Gibraltar’s Distributed Ledger Technology regulatory framework, launched in January 2018 and the first in the world of its kind, was part of a vision for this small but influential jurisdiction. The vision was that of Gibraltar as a place, space, ecosystem – call it what you will – where the environment was just right to nurture startups, businesses and enterprises working with blockchain and in the ‘cryptosphere’. The vision is steadily becoming a reality, demonstrated by the regular attendance of blockchain and tech influencers at events such as Startup Grind Gibraltar’s Fireside Chats, and evidenced by the growing numbers of interested professionals in the audience.
Startup Grind Gibraltar’s January 2020 ‘Fireside Chat’
Startup Grind’s panel discussion at the Sunborn Hotel in Gibraltar in late January and introduced by Denise Matthews gave local players and interested parties in this field a chance to reflect on the opportunities for Gibraltar in the field of blockchain technology. “It would be good to fast forwards five years,” said Malcolm Palle, Chairman of Coisilium, at the start of the event, which had been introduced by Gibraltar’s hugely supportive Minister for Digital and Financial Services, Mr Albert Isola, “and if everyone does what they are promising to do, what is this jurisdiction going to look like? What else could it have?” This set the framework for a vibrant discussion among the panel members, which, along with Malcolm Palle, included Joey Garcia of ISOLA’S LLP, Guarang Torvekar, Co-Founder and CEO of Indorse, and Diego Gutierrez Zaldivar, CEO of IOVlabs and RSK.
Gibraltar, Joey Garcia, explained, has already positioned itself very much in the vanguard of regulation, its aim, as was neatly reiterated by the Minister, being to ensure that the players based in Gibraltar are ‘good players’ – regulated and with appropriate controls and safeguards to ensure protection for the customer, and also protection for the jurisdiction. Mr Garcia pointed to the interesting phenomenon Gibraltar is now experiencing of attracting firms and professionals of the calibre of Coinsilium, Indorse, RSK and IOVlabs among other leading blockchain firms that have set up and are regulated in Gibraltar. Gibraltar, it appears, is not only a place for established blockchain businesses, but is also attracting those companies expert at providing the technological infrastructure for the sector to expand. With the legal framework in place, companies up and running in Gibraltar, including big international players, and with the technological infrastructure in place, it was of interest to the panel to explore what other industries might do – including industries in Gibraltar – to adopt the technology.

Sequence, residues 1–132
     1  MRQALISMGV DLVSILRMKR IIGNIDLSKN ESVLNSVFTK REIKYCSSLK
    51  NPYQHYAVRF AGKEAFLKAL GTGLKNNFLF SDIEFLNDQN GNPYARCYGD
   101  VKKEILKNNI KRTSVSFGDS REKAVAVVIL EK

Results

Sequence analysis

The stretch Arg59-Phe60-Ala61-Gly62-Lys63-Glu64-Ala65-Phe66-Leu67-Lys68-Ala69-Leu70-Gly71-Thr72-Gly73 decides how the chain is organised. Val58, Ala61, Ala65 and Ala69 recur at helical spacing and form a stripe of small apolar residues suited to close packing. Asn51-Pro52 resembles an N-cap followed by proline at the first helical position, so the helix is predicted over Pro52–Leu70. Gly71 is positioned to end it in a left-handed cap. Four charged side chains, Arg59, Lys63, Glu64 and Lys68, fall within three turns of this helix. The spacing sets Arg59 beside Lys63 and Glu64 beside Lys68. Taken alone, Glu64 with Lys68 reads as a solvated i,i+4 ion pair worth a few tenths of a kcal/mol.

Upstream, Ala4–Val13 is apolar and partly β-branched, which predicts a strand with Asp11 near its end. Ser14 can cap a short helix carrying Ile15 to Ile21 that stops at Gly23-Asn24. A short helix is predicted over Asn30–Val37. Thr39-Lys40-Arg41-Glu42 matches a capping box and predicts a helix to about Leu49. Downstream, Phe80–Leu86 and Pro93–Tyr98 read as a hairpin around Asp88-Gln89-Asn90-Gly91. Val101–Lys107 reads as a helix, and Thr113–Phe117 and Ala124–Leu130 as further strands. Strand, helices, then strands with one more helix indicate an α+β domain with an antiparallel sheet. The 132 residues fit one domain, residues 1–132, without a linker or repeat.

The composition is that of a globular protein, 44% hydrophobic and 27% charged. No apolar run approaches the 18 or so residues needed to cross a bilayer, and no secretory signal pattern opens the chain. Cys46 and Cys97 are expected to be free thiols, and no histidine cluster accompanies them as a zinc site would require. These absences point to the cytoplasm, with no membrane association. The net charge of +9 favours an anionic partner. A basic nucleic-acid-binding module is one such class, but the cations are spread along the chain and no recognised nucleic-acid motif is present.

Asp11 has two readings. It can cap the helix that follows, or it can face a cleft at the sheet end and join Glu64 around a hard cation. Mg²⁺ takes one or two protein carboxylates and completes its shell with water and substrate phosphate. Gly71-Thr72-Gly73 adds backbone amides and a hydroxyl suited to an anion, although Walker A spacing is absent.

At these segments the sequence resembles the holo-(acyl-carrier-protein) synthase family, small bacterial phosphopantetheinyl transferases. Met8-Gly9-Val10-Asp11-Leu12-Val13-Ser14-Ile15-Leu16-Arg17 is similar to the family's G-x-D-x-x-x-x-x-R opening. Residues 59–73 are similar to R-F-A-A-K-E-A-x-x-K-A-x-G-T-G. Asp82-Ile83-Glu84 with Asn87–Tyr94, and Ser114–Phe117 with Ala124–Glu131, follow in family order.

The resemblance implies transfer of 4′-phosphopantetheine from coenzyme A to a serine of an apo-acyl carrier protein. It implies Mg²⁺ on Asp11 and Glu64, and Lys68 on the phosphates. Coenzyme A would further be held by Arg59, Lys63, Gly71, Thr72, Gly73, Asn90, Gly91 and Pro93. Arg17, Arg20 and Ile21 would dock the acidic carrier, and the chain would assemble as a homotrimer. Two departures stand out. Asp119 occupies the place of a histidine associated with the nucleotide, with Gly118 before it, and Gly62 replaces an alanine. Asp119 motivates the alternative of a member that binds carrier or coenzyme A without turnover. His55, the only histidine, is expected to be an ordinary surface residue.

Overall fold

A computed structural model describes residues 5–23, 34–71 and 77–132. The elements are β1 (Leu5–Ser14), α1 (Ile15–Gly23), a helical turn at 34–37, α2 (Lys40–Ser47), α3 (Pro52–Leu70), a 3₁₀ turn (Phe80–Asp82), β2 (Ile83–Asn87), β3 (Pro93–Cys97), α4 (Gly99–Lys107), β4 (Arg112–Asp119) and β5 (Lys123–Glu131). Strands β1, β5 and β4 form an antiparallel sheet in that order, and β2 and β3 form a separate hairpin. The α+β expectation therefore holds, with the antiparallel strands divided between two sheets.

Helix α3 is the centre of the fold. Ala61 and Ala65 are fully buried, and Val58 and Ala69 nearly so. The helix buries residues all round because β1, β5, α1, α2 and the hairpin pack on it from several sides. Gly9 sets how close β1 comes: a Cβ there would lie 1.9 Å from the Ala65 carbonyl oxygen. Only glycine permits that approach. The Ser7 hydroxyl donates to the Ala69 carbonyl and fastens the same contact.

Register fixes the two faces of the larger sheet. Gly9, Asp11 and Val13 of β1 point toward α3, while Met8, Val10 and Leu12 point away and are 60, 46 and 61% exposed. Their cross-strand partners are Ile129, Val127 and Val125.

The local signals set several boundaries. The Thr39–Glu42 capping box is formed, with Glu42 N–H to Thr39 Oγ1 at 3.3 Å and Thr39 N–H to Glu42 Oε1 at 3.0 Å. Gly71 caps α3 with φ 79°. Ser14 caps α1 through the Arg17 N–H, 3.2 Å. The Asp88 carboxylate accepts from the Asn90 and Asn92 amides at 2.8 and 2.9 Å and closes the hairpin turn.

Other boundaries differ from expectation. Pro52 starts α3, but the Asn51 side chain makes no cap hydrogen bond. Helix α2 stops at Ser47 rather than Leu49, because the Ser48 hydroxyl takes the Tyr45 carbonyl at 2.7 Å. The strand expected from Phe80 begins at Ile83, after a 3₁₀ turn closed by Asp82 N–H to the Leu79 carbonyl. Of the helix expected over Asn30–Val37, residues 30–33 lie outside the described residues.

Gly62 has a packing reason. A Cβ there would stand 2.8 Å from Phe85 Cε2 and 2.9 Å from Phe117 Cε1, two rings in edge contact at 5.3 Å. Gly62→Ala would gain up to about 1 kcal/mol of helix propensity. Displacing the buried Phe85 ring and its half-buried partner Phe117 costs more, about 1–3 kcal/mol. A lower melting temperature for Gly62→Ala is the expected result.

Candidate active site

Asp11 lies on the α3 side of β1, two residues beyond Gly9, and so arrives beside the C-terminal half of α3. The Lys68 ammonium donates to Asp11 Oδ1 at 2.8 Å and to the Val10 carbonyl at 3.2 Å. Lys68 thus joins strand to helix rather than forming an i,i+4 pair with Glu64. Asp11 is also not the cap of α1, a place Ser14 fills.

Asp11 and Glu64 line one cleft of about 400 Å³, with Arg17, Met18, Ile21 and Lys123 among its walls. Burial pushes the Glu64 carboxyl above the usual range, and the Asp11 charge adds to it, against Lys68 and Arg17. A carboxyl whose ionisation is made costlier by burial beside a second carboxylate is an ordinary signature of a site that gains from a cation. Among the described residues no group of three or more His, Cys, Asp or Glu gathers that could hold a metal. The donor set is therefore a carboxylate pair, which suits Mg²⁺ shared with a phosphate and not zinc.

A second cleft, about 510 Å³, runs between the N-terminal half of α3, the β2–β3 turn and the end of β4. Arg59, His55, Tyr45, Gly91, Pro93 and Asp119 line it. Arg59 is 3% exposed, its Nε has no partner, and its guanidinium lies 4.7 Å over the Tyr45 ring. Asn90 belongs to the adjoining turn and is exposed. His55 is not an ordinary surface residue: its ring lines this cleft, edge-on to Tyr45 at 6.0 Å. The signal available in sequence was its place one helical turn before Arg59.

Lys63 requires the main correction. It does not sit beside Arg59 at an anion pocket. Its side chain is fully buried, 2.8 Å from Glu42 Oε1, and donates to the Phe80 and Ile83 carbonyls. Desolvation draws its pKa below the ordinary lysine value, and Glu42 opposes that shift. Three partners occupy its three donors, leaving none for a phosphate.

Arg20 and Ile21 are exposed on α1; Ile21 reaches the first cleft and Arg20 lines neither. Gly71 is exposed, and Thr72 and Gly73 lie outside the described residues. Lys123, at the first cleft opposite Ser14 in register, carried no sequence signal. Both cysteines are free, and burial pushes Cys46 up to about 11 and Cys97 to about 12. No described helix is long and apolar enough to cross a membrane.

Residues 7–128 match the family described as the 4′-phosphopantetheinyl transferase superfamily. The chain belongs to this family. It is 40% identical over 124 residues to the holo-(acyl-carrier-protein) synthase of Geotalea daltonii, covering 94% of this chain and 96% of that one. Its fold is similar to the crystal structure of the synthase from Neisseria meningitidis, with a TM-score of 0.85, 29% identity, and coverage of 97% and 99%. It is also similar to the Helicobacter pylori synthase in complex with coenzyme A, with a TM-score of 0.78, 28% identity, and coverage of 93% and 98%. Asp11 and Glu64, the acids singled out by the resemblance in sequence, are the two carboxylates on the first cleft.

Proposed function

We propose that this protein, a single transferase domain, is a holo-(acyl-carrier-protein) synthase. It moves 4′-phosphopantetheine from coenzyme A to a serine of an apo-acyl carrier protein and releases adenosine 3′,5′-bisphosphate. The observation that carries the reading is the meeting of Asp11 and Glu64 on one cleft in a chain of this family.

Adopting blockchain technology
“Technology,” commented Diego Gutierrez, “is an enabler; it is not a solution itself. We need to shape technology and give the proper context for technology to be helpful for society.” Mr Gutierrez went on to explain that he had found in Gibraltar the right context for being able to develop the technology, which cannot of itself operate in isolation but functions within a framework that allows it to evolve. His company – IOVlabs (standing for Internet Of Value) – builds interconnected networks that will be used to transfer and store value. This is an evolution of the internet of information that has given the world infinite access to knowledge and information. Value, he explained, goes far beyond money: the technology will store and transfer anything that is of value to human beings. This could be personal identity, or reputation, for instance. And this, he added, is a key ingredient of financial inclusion – rich or poor, every individual has a reputation, which they should be able to carry about with them (store and transfer at will) and which would facilitate the setting up of new relationships with much greater ease than is currently available through traditional means. This means that regulations need to adapt over time to take account of new behaviours of society and this is key to establishing that framework to provide proper functionality for an evolving technology.